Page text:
The difference between the political left and right is like day and night. Liberals, the normal people, want universal healthcare, a living wage, rational gun control, and action to save the planet. They want to protect women’s rights and voting rights. They want police to stop killing people.

Over on the Dark Side, the conservatives want to give tax cuts to billionaires, close the borders to non-whites, ban books, and put women in their place.

If, for some mysterious reason, you still wonder who the good guys are, consider this: of the 42 million jobs created in the US since 1989, 40 million — 95 percent — were created while a Democrat was President.

The Republicans, who haven’t done anything remotely positive in half a century, have managed to poison the Senate and the Supreme Court.

These are the people, for God’s sake, who stormed the Capitol when Trump lost the presidency. They literally attempted to stage a coup. Their low-life politicians are working nationwide to rig voting systems. They have nothing to offer, so, with no qualms whatsoever, they resort to lying and cheating.

This is unsustainable. When an entire political party decides to ignore the rules of governance, the country can’t survive.

The current GOP fascist cult is a minority. To defeat them, we need to end the filibuster so the actual majority can rule again, make sure the election system is protected from the cultists, and vote against every Republican on every ballot in every election, until they go extinct.

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Freedom of the press, freedom of association, the inviolability of domicile, and all the rest of the rights of man are respected so long as no one tries to use them against the privileged class. On the day they are launched against the privileged, they are overthrown.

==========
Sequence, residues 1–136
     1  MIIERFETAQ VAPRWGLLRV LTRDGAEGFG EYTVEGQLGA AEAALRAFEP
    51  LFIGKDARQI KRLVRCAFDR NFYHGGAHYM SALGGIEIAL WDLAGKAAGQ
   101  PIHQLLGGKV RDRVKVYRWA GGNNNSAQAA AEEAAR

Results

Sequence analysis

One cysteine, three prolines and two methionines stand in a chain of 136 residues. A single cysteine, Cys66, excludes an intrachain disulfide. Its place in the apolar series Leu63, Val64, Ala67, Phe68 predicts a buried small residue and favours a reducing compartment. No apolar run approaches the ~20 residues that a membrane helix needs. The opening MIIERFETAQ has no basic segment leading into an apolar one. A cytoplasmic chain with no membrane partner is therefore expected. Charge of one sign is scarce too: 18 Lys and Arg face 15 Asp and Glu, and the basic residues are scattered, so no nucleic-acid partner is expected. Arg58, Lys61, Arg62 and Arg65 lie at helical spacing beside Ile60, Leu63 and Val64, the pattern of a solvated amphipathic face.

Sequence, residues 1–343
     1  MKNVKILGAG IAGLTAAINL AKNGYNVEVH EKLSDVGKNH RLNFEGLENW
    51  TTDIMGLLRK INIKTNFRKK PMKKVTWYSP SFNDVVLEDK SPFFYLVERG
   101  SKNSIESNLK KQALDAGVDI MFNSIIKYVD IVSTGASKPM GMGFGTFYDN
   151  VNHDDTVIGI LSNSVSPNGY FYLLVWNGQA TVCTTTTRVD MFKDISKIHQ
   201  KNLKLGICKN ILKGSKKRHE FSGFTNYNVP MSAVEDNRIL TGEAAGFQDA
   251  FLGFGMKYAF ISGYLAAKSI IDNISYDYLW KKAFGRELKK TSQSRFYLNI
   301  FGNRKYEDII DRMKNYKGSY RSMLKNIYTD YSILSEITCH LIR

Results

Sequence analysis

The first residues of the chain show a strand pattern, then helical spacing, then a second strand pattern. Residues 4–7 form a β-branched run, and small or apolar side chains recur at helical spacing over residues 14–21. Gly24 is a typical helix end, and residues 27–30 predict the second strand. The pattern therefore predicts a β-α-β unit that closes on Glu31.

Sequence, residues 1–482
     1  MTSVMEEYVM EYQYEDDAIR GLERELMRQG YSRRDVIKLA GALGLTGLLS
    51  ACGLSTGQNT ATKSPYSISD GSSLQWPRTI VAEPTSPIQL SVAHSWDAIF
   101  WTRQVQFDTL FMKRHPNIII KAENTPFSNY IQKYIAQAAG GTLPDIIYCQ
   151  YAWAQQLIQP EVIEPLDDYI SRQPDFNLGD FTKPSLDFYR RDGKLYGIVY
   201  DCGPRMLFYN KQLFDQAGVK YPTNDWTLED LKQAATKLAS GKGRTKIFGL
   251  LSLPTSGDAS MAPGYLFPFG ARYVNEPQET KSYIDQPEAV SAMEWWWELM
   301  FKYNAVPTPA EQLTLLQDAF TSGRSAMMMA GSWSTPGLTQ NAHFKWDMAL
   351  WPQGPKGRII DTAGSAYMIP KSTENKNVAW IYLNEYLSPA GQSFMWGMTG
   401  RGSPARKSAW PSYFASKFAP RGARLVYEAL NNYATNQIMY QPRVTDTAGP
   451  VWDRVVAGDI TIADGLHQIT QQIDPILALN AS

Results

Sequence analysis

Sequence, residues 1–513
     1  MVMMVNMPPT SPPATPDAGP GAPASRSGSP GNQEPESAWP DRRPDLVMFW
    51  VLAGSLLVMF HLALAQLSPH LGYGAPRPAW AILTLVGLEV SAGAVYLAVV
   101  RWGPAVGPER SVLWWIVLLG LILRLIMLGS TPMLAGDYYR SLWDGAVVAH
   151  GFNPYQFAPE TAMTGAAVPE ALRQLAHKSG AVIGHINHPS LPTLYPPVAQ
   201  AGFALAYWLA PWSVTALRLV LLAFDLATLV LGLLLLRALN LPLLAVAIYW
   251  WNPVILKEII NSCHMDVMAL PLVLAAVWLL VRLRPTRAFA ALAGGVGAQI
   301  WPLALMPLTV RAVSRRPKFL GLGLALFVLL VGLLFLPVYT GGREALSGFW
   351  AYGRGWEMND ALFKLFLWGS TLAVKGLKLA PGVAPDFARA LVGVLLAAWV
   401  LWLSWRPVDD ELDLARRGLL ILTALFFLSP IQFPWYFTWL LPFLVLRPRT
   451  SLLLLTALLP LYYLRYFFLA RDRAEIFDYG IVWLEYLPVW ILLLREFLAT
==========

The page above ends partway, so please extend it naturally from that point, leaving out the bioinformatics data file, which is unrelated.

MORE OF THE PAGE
Peter Kropotkin

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When stupidity is considered patriotism, it is unsafe to be intelligent.

Isaac Asimov

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Why should we not honestly and candidly investigate the errors and crimes of our ancestors that we may correct, reform, and avoid them?

John Adams

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We are the product of 4.5 billion years of fortuitous, slow biological evolution. There is no reason to think the evolutionary process has stopped. Man is a transitional animal. He is not the climax of creation.

Carl Sagan

Kropotkin

Sagan

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Lynyrd Skynyrd’s debut album was a long time coming. The group formed in 1964 and performedunder several names before becoming Lynyrd Skynyrd in 1969. Because of touring commitments, they didn’t release an album until 1973.

Among the songs on that album was “Simple Man,” which was included over the objections of the band’s producer, Al Kooper. He thought the song was weak and urged the band to drop it.